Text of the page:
Saturday, 5 October 2013

Progeny by Patrick C. Greene


Centred around two families this is the tale of Big Foot - no spoilers there if you read the blurb. Patrick C. Greene has certainly delivered another spot on story.

Owen, the famed author, and his son Chuck are trying to rebuild a shattered relationship post a messy divorce, this side issue is touched on briefly but with such tenderness that you feel for all parties concerned, especially when I learnt about the catalyst later in the book. 

In almost a juxtaposition is sensitive Byron and his overbearing, outdoorsy self professed "radical", father Zane, with his posse - so reminiscent of the Red Necks that 'merica is famed for! did I hear bangos? not quite, but his attitude to life, animals, hunting and child rearing are poor (IMO). However, he too is given some caring moments that do allow for wiggle room in the total dislike.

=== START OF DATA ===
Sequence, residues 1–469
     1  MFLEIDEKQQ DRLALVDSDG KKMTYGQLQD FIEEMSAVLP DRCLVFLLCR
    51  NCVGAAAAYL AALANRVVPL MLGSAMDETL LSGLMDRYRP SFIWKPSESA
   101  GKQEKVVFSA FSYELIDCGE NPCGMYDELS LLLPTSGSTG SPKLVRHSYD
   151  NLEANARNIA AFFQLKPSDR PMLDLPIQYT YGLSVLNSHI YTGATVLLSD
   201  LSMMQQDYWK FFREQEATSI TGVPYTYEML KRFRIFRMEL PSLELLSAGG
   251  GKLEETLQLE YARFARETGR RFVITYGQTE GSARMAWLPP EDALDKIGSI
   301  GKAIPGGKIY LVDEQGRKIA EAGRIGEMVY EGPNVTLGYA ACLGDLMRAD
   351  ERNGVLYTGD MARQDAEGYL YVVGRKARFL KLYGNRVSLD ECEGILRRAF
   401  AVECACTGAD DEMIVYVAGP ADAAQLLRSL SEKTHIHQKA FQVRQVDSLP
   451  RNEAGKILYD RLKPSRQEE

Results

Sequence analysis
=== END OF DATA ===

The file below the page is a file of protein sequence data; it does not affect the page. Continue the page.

Throughout the book are small journal entries from the previous summer up until the present. This is a brilliant touch as it allows for tension to build whilst unfolding a little back story in small snippets, not quite giving the game away in one chunk.

Women are present in the book, and are fairly strong influences but only on the periphery of the story. They do lend some extra tenderness to the whole story, I especially enjoyed the breakfast scene with Deanna and how manipulative kids can be!

As the two men clash over several days and the "right" to hunt on certain parts of land, the pressure builds between the two men. 
Nevertheless, when their sons meet it is practically a magical moment, one I could almost touch from my own childhood. 

I have never been a fan of scary Big Foot stories as I always tend to think of Harry & The Hendersons, but this comes with fur, blood, teeth and lots of limb ripping.  Although during the hunter vs Big Foot chase I was routing for Big Foot!

I could feel a gentle poke of morality in the telling and slant of the book, but as I also carry the same views re animals, hunting etc I enjoyed it and got angry in the appropriate places. 

The climax is riveting and the ending, wrap up chapter, was very satisfying - the outcome can only go one of two ways, you will have to read the book to find out!

I have to comment on how beautifully edited this was, not something you overtly look for in a book, but when its bad its very distracting, this however was wonderful, not a comma out of place.